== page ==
With its marbled monuments and high-profile politicos, Washington, D.C., has long been saddled with a reputation as a stuffy government-driven town. A “city of southern efficiency and northern charm,” as John F. Kennedy once described it, Washington is often seen by outsiders as slow and inefficient. But these days, our nation’s capital is awash with a new energy, transforming itself into an exciting, faster-paced East Coast vacation destination. Although the government is still the sun around which this city orbits, the District also offers a host of renowned museums and interesting neighborhoods. And with a recent explosion of restaurants, cafes, boutiques and clubs, D.C. is transitioning into a thriving cultural hub. As the D.C. Tourism Board is emphasizing through its DC Cool campaign, this isn’t the Washington you remember from your middle school field trip – it’s much hipper than that.
You can choose a traditional D.C. adventure, filled with tours of classic attractions like the White House and the Washington Monument, the U.S. Capitol and the Smithsonian National Museum of Natural History. And there’s no better way to experience iconic D.C. than with a stroll around the Tidal Basin. (Plan to visit in late March or early April – just in time for the National Cherry Blossom Festival – and you’ll be rewarded with a canopy of beautiful pink blooms.) But if you’ve already seen the national landmarks, get a feel for the city’s more youthful ambiance, highlighted by its urban neighborhoods, marquee art galleries and vibrant farmers markets. While you’ll only need a few days to see the city as you know it from your history book, it could take months to experience the Washington that today’s locals know and love.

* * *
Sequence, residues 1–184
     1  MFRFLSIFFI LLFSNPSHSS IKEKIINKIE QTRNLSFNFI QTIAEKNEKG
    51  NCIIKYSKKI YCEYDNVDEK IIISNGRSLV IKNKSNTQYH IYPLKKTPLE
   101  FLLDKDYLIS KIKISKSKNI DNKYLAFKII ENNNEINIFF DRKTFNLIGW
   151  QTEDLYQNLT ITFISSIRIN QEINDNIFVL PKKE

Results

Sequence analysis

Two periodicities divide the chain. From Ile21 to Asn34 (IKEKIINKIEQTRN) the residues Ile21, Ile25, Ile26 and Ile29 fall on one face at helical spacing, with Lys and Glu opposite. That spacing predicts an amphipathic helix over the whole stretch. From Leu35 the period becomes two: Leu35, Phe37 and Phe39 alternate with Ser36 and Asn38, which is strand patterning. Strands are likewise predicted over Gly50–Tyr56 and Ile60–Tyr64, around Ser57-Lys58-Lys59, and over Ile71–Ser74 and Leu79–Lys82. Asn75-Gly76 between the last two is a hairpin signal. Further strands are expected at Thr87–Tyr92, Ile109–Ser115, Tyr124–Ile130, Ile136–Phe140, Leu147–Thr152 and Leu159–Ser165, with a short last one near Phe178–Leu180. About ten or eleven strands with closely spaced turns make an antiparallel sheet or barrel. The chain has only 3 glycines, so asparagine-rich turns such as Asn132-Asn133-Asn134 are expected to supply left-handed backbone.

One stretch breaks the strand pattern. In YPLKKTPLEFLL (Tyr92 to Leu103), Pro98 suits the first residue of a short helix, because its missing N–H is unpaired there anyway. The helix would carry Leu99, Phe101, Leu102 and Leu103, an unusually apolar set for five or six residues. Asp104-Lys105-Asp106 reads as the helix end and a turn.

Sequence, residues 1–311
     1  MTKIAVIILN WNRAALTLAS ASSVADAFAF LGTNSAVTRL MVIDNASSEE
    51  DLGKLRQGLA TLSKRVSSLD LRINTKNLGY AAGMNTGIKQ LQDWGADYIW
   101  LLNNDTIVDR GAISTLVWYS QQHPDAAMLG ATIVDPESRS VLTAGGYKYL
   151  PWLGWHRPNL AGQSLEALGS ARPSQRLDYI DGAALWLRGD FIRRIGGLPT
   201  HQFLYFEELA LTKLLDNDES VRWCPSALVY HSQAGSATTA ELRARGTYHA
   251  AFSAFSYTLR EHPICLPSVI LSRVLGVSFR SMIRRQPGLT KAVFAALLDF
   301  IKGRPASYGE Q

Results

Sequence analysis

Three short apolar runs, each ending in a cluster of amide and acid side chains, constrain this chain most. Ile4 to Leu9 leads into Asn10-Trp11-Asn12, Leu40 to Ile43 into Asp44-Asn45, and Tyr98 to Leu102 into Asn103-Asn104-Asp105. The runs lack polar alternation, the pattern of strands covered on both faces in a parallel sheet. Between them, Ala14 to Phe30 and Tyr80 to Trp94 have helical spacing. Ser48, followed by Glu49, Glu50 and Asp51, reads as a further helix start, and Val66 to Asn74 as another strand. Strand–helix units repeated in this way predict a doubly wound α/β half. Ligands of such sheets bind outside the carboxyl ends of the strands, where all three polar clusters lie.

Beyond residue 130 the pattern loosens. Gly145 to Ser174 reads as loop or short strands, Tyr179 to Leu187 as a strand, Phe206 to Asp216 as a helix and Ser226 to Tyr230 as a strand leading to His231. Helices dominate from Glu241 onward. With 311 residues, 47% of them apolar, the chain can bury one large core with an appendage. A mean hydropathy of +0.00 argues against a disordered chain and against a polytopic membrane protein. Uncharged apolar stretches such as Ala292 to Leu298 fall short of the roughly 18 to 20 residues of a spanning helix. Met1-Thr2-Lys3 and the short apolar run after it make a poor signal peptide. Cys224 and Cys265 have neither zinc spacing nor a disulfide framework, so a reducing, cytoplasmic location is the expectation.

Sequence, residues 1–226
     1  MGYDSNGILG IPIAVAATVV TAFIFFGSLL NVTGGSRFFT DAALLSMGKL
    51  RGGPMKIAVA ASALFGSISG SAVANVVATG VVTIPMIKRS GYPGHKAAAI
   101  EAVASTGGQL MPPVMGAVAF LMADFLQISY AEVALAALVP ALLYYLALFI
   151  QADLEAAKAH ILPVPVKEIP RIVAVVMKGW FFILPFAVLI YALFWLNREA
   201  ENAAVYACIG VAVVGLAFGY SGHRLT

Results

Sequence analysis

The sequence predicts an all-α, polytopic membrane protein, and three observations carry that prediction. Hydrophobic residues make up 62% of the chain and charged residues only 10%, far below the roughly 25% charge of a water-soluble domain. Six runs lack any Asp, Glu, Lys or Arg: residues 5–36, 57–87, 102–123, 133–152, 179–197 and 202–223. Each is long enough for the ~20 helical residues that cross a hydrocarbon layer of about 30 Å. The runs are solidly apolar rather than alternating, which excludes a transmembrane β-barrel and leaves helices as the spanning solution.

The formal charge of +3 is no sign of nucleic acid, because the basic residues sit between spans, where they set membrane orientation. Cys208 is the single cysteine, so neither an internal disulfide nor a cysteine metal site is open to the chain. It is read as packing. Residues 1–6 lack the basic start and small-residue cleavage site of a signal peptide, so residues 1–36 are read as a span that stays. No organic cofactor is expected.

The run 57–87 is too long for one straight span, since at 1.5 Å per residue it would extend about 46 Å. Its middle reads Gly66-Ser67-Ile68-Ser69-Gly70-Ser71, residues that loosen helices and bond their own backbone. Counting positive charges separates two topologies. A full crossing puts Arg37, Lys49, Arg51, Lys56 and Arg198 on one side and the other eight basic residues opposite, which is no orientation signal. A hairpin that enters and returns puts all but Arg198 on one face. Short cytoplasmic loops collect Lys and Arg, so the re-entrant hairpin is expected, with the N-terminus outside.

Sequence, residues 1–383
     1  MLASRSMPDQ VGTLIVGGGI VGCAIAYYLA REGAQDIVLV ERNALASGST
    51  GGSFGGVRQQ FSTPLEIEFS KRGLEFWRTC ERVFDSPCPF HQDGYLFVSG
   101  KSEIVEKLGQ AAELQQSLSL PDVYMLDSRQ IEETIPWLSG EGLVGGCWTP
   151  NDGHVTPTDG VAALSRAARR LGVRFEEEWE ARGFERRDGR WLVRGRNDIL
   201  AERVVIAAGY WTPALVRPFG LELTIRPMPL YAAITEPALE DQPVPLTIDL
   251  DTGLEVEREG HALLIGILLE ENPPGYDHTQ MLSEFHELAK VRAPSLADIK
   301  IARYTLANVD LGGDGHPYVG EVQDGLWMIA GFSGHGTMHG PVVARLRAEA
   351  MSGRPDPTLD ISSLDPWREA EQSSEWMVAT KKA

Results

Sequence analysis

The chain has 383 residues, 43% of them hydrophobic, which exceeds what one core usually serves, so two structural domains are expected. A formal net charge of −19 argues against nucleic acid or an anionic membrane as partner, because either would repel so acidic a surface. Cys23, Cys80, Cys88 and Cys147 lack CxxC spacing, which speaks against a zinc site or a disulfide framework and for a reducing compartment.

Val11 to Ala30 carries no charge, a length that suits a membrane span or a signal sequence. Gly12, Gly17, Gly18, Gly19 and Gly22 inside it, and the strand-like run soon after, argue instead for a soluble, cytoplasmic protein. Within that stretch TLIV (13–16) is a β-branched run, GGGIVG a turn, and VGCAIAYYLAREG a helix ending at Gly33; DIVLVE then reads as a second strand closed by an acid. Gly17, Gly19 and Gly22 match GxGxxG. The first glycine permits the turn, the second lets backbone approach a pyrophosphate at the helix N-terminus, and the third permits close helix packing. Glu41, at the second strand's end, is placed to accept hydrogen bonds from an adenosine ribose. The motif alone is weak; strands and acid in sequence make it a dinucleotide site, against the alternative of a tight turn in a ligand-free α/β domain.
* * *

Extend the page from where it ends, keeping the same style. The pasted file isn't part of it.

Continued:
Honolulu – Oahu
Oahu blends cosmopolitan luxury and breathtaking scenery more than any other Hawaiian island. The state’s capital city, Honolulu, showcases the island’s urban appeal. Nearby you’ll find a host of cultural and historic sites, from the ornate Iolani Palace to the austere USS Arizona Memorial at the World War II Valor in the Pacific National Monument. In the nearby Waikiki neighborhood, a skyline of high-rises and resorts contrasts with sprawling white sand beaches. For a taste of rural Hawaii, visit the North Shore. Here, you’ll find the most brilliant blue waters and meandering hikes. But those three spots aren’t Oahu’s only must-see locales. Its top-notch restaurants, vibrant cultural events and wild nightlife further showcase this island as a “Gathering Place” of Hawaiian culture.
The origin of this Colorado village’s very unique name is unknown, but there are two dominant theories. The first is that Telluride comes from the word “tellurium,” the nonmetallic element (often signifying the presence of gold deposits) that prompted so many pioneers to make their way to the region. But many locals will tell you the name is just an easier way of saying “to hell you ride” – a creative explanation that highlights the killer ski slopes that lure many a winter vacationer each year. Powder hounds will find 2,000-plus skiable acres ideal for novices, experts and everyone in between. “To hell you ride” also refers to the region’s rowdy atmosphere. Residents and visitors alike regularly gather in Town Park or Telluride’s bars for a foot-stamping good time. In the end, it doesn’t matter where the name comes from – all that really counts is the great experience you’re bound to have here.
More to come in Part 4.
(Information from US News)